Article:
Among island residents, and even within the Hawaiian community, not everyone agrees on what an ‘aumakua is, what its role may be, or who is entitled to claim one.
“Many Hawaiians have a broad view of the culture,” says Hokulani Holt, an expert in Hawaiian language and culture, a master kumu hula (hula teacher), and director of cultural programs at the Maui Arts & Cultural Center. “One may tell you, ‘You’re a good friend of our ‘ohana, our family, so you can have our ‘aumakua.’ Another may say, ‘If the same turtle comes to you every time you go out snorkeling, that’s your ‘aumakua.’ As a traditionalist, I would disagree. You can have a ‘guide,’ ‘a guardian angel’ . . . a myriad of other words, but not an ‘aumakua. That word is defined [genealogically] in the culture.
“‘Aumakua are family members who have died and been deified, returning in a different form,” Holt explains. “‘Deified’ is the operative part; it was done by a kahuna [priest]. The gods indicated who should be deified. The kahuna interpreted and relayed that information to the family, and performed the ceremony.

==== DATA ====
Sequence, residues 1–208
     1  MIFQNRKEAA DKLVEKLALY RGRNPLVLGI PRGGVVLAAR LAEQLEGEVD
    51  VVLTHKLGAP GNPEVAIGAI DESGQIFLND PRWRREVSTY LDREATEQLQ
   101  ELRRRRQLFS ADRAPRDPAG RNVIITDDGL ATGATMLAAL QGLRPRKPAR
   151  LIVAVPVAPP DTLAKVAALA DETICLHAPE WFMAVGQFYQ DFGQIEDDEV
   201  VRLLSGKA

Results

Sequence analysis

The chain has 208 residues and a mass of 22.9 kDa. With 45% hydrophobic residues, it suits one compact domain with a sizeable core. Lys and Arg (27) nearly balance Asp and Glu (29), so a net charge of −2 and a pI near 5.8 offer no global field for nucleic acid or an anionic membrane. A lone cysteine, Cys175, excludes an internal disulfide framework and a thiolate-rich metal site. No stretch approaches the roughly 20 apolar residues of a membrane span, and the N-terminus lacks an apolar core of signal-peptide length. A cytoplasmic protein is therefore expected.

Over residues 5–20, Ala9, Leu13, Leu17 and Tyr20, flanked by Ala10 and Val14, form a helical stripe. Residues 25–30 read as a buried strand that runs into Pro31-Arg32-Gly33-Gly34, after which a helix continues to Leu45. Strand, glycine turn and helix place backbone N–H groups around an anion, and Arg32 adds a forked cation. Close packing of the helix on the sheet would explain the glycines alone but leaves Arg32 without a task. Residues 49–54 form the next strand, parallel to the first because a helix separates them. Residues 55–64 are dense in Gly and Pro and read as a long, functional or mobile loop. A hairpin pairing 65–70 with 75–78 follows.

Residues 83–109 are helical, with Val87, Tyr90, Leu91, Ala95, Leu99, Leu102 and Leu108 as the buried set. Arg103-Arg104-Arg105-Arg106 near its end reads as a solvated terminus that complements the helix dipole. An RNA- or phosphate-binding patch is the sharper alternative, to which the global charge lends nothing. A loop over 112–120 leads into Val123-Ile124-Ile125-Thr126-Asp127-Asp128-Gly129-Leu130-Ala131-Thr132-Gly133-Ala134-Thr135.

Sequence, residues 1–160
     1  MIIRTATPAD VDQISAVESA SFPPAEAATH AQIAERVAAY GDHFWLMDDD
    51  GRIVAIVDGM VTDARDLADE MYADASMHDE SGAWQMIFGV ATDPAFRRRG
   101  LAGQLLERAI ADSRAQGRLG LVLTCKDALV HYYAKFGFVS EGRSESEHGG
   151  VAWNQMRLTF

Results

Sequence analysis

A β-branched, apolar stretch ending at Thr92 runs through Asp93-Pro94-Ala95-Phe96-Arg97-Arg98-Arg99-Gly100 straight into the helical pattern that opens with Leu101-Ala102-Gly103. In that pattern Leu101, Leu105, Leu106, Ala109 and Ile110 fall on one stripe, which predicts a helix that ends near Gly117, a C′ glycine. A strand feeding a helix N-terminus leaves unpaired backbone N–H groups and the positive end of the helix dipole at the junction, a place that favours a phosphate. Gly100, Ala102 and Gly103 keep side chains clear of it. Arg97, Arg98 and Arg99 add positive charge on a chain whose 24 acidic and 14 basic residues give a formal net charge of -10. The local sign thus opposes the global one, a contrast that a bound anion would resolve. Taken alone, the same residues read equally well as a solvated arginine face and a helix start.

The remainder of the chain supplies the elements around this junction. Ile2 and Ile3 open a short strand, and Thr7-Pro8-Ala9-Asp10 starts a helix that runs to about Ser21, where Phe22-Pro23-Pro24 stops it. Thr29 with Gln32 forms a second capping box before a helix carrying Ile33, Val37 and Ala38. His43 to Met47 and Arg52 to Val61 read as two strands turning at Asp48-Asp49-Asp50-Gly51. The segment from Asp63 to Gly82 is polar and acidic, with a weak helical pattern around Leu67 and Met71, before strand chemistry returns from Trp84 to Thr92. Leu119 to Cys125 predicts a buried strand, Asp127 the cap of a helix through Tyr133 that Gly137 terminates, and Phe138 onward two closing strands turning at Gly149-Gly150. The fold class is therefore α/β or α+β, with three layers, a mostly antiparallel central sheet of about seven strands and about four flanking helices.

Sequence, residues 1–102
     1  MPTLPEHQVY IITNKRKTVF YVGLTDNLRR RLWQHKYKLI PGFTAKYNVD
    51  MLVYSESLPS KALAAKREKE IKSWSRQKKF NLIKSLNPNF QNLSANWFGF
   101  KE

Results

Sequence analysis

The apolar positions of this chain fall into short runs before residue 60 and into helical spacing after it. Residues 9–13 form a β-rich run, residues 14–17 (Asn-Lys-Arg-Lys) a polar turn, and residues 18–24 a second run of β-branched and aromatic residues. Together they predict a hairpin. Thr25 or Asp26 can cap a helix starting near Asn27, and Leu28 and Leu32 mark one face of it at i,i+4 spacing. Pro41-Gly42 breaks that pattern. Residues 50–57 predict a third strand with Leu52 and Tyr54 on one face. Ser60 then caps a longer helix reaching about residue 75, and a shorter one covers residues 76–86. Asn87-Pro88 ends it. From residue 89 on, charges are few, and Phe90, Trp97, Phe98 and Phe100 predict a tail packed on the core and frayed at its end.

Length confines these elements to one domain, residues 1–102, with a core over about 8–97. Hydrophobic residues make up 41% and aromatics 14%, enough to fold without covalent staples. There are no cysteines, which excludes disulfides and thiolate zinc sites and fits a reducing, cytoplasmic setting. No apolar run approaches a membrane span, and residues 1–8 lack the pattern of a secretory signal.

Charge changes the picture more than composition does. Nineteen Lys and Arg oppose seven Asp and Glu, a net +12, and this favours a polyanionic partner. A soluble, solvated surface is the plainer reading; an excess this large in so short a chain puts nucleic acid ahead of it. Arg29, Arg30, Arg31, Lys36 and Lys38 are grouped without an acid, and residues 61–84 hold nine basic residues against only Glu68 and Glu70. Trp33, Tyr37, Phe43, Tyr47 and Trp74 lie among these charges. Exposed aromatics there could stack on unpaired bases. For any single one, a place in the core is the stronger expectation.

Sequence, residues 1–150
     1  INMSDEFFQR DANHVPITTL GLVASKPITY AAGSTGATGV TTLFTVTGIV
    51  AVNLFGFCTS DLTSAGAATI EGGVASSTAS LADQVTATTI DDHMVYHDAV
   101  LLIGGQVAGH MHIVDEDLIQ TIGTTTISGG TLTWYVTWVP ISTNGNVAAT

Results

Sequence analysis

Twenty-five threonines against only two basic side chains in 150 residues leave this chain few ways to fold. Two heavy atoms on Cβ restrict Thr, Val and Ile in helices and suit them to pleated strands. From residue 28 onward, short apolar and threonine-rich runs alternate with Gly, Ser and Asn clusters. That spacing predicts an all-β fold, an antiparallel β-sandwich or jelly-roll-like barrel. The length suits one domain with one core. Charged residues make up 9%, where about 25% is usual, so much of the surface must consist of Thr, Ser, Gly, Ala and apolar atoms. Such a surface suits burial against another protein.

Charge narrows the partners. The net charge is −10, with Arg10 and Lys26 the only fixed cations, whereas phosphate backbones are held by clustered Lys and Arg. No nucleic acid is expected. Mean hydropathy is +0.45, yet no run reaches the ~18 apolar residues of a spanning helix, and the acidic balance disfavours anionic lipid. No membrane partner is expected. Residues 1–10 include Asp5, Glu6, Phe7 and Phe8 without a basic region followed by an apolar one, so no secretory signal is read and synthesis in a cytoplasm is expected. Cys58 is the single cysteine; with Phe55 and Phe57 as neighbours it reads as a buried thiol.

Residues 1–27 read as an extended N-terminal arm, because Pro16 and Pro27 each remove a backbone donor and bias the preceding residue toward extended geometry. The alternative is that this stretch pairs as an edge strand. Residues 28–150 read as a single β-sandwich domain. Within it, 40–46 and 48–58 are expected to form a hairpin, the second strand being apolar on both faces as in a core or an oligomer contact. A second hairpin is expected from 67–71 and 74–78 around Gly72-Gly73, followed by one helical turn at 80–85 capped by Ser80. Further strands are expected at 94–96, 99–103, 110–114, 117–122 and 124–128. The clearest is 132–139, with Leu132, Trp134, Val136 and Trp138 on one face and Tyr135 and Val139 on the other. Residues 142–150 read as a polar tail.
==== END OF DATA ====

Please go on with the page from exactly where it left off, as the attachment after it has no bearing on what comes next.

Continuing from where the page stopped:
“Most of what we think of as ‘aumakua are from much earlier times, when the traditional religion was active. When the traditional religion was overthrown [in 1819], the practices relating to ‘aumakua went with it.
“Everyone had at least one ‘aumakua.” she adds. “If you married and had children, their [ancestors] on both sides would come into the genealogy. They’re family; they stay with the family for generations.”
Often the form an ‘aumakua would take depended on where family members lived and how they earned their livelihood.
“If you were ocean people,” says Holt, “it would be good to have a shark as an ‘aumakua. If you were mountain people, pueo, ‘io [Hawaiian hawk] . . . birds would be helpful. If you were Pele people, the form your ‘aumakua took might be related to lava. The form was a way of placing you within the family, within society, and within nature.
“As in all things Hawaiian, there was a hierarchy in the ‘aumakua realm,” she adds. “Some of the highest in the hierarchy are those ‘aumakua that come from the very far past and are probably related to the ali‘i [royalty]. ‘Aumakua that come from the beginning of time have more ‘seniority’ than those created in the 1700s. Part of that is because they have more descendants who honor them and come to them for assistance. Their influence has been reinforced over hundreds of years.
“Let’s say you have a Grandpa Edward who lives to be ninety-two and is still sharp as a pin. If he has offered advice, taught three generations how to do the family skill, he’s gained a great deal of respect because of that. It’s the same process for the ‘aumakua that come from old times.”